It doesn't make a lot of sense: someone has hurt you, and if you let go of your anger and forgive them, it helps you?
The answer is simply and unequivocally, yes.
Forgiveness is part of the ethical ideals of the Judeo-Christian and most religious traditions. The Lord's Prayer requests the petitioner to ask for forgiveness “as we forgive others.” The great Mahatma Gandhi, who practiced Hinduism, warned, “If we practice an eye for an eye and a tooth for a tooth, soon the whole world will be blind and toothless.”
Forgiveness is more than an ideal of organized religion. Psychologists and neurologists have investigated this topic and documented that the act of forgiveness is healthful for the forgiver. On PubMed, the National Library of Medicine's website (http://www.ncbi.nlm.nih.gov/entrez/query.fcgi ), there are nearly 100 scientific studies showing the healing power of forgiveness.
From the earliest 1969 study titled “Morality, guilt, and forgiveness in psychotherapy” to the June 2006 study called “Effects of a group forgiveness intervention on forgiveness, perceived stress, and trait-anger,” researchers have found that forgiveness has important health benefits for the forgiver.
We need to be very clear about what forgiveness is not. It is not condoning the behavior that hurt you. It is not saying to the offender that what they did was okay after all. In many cases, the forgiver needn't confront the offender in order to forgive. Forgiveness, according to Pastor Randall Worley, is not an emotion; it's a decision. It is letting go of hurt and moving on.
A. J. Clark of the Department of Molecular and Cellular Biology at the University of Arizona described the biological and neurological components of forgiveness:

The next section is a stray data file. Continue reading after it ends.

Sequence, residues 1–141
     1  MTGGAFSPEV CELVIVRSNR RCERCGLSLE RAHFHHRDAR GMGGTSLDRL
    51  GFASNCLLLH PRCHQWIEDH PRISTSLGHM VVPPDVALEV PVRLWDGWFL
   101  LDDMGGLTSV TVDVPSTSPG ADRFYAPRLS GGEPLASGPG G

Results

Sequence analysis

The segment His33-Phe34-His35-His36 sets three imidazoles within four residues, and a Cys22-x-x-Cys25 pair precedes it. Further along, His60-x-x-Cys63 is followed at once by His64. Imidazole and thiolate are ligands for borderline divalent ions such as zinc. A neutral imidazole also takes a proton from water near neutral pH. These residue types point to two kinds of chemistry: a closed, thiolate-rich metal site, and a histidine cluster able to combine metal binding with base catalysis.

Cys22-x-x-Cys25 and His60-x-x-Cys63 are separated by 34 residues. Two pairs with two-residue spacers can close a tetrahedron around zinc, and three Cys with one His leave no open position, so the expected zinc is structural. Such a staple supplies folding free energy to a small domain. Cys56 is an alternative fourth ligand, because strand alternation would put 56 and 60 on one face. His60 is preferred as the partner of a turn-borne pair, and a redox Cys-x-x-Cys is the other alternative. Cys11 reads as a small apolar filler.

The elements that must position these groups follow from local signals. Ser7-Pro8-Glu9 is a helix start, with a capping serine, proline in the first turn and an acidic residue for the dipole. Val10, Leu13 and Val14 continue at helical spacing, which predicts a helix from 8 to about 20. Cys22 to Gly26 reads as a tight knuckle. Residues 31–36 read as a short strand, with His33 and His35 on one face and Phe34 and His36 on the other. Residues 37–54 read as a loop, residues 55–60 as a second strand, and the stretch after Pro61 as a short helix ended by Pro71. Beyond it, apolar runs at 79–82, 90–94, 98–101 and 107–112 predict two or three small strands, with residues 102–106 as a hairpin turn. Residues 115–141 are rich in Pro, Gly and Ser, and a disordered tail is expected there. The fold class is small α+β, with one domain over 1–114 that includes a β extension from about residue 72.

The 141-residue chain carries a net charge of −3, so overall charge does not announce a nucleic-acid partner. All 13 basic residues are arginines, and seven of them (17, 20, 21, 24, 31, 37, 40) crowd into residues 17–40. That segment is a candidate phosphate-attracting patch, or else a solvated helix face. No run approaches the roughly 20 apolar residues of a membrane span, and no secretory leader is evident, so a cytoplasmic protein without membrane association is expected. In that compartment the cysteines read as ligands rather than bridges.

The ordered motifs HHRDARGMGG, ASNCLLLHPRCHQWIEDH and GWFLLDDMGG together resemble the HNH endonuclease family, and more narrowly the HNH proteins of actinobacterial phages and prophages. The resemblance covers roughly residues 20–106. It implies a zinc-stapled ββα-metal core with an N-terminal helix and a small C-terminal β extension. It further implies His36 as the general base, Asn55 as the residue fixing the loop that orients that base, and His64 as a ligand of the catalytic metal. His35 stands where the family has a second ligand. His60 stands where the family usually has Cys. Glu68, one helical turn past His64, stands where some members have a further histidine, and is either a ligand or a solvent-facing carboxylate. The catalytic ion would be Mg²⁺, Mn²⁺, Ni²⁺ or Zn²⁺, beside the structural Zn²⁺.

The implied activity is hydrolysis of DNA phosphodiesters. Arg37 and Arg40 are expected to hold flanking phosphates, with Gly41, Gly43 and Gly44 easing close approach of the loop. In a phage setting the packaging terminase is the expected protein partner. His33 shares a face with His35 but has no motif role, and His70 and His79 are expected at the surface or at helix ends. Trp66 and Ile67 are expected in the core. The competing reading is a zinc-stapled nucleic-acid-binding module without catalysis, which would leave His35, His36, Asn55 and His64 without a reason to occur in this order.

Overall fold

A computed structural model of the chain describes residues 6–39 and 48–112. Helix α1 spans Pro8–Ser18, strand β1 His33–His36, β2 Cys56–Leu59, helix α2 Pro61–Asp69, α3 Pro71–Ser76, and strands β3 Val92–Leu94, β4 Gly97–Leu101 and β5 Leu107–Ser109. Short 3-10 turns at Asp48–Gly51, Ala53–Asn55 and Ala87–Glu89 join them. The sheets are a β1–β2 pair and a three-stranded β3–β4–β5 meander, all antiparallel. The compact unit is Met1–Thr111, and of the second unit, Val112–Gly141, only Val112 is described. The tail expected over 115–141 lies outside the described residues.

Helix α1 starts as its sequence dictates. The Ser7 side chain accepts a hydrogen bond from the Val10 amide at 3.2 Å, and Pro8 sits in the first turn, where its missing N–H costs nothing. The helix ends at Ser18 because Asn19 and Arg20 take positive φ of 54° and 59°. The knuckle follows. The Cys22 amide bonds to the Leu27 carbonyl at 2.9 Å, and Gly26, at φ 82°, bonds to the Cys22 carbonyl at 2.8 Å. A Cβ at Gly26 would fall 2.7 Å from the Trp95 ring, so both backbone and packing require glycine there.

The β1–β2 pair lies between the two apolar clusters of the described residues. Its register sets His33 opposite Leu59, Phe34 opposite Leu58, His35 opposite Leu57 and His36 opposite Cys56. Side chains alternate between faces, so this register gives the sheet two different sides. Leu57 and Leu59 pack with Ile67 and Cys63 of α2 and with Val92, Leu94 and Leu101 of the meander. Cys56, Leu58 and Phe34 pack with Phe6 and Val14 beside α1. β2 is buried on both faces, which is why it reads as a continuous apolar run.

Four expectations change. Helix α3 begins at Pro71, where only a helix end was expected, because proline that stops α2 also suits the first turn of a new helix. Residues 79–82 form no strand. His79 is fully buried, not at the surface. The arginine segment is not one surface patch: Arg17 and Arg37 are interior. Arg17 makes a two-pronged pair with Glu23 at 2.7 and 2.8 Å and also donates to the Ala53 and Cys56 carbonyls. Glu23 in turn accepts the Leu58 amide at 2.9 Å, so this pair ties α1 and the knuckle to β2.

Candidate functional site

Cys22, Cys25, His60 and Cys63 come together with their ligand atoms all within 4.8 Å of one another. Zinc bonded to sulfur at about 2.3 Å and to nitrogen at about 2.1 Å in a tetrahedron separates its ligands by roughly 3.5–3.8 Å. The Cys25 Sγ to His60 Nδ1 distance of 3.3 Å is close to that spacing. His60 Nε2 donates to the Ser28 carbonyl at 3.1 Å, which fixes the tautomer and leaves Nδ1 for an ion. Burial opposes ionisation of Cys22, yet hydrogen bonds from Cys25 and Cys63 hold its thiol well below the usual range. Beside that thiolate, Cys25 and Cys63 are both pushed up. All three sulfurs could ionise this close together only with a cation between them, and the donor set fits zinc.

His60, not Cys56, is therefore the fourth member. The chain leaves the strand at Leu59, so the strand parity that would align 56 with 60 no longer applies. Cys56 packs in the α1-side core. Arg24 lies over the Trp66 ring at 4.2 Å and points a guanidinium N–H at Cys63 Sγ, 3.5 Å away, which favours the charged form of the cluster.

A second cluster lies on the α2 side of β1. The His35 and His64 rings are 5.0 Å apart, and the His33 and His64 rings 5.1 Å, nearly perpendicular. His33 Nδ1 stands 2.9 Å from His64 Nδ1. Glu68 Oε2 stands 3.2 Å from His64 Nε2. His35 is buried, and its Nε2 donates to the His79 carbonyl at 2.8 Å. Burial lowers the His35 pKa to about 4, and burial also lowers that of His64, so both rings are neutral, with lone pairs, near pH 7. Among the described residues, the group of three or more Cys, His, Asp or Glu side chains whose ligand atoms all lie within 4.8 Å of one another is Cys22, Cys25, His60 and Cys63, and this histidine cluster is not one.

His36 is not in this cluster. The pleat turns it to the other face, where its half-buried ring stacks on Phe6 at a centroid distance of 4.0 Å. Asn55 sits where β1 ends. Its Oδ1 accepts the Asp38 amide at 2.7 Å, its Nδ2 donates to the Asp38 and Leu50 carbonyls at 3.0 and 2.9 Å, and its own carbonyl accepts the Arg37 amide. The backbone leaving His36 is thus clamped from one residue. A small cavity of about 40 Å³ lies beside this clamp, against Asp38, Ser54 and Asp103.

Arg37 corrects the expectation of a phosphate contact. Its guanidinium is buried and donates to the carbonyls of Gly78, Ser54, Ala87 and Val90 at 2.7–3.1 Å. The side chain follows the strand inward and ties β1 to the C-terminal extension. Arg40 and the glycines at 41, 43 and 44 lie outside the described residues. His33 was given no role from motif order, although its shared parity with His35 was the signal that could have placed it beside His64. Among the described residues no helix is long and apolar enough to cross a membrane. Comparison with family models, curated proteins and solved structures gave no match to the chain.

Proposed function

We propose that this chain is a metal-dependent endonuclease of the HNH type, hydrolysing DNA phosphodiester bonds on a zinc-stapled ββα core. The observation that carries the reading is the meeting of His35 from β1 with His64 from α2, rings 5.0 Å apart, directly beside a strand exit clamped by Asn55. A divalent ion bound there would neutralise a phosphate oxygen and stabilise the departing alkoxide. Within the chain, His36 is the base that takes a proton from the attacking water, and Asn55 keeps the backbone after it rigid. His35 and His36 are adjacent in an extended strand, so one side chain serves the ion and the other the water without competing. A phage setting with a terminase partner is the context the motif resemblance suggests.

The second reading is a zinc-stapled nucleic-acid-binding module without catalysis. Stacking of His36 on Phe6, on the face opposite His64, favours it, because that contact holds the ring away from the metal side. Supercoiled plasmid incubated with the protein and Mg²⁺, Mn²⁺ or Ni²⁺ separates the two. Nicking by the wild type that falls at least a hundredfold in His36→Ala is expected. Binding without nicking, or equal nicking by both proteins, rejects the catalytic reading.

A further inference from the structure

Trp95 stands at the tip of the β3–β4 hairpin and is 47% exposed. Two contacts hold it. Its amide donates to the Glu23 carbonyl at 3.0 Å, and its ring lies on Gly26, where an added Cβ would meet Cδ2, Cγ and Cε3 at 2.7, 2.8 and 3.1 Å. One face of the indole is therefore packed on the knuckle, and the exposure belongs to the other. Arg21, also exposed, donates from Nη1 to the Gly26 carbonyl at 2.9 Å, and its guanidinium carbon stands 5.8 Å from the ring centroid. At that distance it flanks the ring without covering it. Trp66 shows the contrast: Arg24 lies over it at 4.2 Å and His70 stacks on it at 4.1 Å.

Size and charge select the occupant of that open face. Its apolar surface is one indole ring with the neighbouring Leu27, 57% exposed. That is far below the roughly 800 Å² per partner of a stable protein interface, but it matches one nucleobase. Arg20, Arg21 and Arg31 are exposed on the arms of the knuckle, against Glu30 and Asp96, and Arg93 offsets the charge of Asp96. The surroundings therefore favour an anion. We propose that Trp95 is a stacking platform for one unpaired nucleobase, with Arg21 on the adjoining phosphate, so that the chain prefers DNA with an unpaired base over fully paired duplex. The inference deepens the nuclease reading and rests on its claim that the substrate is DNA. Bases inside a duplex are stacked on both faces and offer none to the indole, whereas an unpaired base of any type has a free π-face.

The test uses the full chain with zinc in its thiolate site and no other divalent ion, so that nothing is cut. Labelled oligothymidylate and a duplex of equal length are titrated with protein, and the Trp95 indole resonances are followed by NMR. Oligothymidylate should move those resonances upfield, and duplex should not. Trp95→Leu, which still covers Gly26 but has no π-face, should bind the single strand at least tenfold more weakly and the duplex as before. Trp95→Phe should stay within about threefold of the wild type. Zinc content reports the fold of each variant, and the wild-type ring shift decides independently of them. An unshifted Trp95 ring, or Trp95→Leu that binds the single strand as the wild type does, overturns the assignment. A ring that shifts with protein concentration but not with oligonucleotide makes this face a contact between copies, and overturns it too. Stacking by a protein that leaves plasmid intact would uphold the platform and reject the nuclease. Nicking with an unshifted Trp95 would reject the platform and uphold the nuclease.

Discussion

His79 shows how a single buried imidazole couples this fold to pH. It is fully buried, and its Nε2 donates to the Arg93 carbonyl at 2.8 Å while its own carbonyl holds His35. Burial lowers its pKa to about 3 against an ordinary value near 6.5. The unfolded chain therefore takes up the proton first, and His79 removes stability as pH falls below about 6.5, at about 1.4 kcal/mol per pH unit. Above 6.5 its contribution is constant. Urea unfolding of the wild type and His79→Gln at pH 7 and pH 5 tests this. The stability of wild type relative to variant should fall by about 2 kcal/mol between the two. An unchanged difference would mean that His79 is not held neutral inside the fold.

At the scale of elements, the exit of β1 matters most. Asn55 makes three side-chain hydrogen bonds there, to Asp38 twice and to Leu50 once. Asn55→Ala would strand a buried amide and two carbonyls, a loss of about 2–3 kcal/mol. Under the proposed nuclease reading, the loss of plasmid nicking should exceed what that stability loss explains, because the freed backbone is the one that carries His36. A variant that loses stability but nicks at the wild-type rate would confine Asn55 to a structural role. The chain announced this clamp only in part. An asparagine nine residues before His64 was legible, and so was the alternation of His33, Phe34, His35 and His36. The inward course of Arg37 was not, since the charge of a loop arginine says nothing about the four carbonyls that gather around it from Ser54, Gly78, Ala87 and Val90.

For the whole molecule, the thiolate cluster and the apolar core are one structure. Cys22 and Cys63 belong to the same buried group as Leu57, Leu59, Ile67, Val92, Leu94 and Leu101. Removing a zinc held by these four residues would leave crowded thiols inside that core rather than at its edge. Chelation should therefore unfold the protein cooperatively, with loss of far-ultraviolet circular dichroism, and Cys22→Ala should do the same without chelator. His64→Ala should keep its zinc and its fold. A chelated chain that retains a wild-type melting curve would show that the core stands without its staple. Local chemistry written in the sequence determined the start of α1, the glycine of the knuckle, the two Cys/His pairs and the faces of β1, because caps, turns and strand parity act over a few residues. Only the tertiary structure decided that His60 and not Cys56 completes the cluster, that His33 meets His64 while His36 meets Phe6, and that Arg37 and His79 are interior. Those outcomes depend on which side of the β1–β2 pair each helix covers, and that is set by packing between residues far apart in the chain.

Psychologists have developed the Heartland Forgiveness Scale (HFS) so they can track the positive effects of forgiving. People who forgive experienced the four components of psychological well-being.2 People who didn't forgive experienced lack of trust, feelings of vengeance, and hostility. Yet another study showed that people with high levels of forgiveness and frequency of prayer had lower cortisol responses. 3 Cortisol is the stress hormone that can wreak havoc in the body when found in excess.
While researchers look at brain function to see the effects of forgiveness, we need to learn what to do to forgive someone.
This is a process that is enhanced greatly by the use of essential oils. Inhaling Young Living's essential oils, such as Forgiveness, has a direct influence on the brain because the sense of smell is the only sense directly wired to the brain. Olfactory nerves transport the aroma of essential oils to the limbic system and the olfactory sensory center at the base of the brain. The impulses are passed next between the pituitary and pineal gland and move to the amygdala, which is the memory center for fear and trauma. Healing and forgiveness can then take place.
The following is one suggestion on working through a hurtful act to let go and experience the healing powers of forgiveness.
RELEASE Bring up the memory of the hurtful act and then inhale the essential oil blend Release™.
GROUNDING As the memory rises to the surface of your mind, apply the blend Grounding™ to the back of the neck and on the temples.
FORGIVENESS Quietly tell yourself that you are forgiving this person and letting go of the hurt. While saying this, inhale deeply the blend Forgiveness™.
JOY Inhale the blend Joy™ and know that you have released all anger and hurt, and are now allowing yourself to feel happiness.
PEACE & CALMING When you go to bed that night, apply Peace & Calming® to the bottom of your feet and tell yourself you have done a wonderful thing!
In some cases, it is necessary to tell the person who hurt you that you forgive them. In other cases, it is safer to stay away from the offender. Either way, forgiveness is freeing and healing.
Have you considered that you might need to forgive yourself? We are often harder on ourselves than we are on others. Be kind to yourself!
Lewis B. Smedes has written extensively on forgiveness, saying, “When we forgive evil we do not excuse it, we do not tolerate it, we do not smother it. We look the evil full in the face, call it what it is, let its horror shock and stun and enrage us, and only then do we forgive.”
He wisely concluded: “To forgive is to set a prisoner free and then discover that the prisoner was you.”
Reprinted with permission of Young Living, Lehi, UT 84043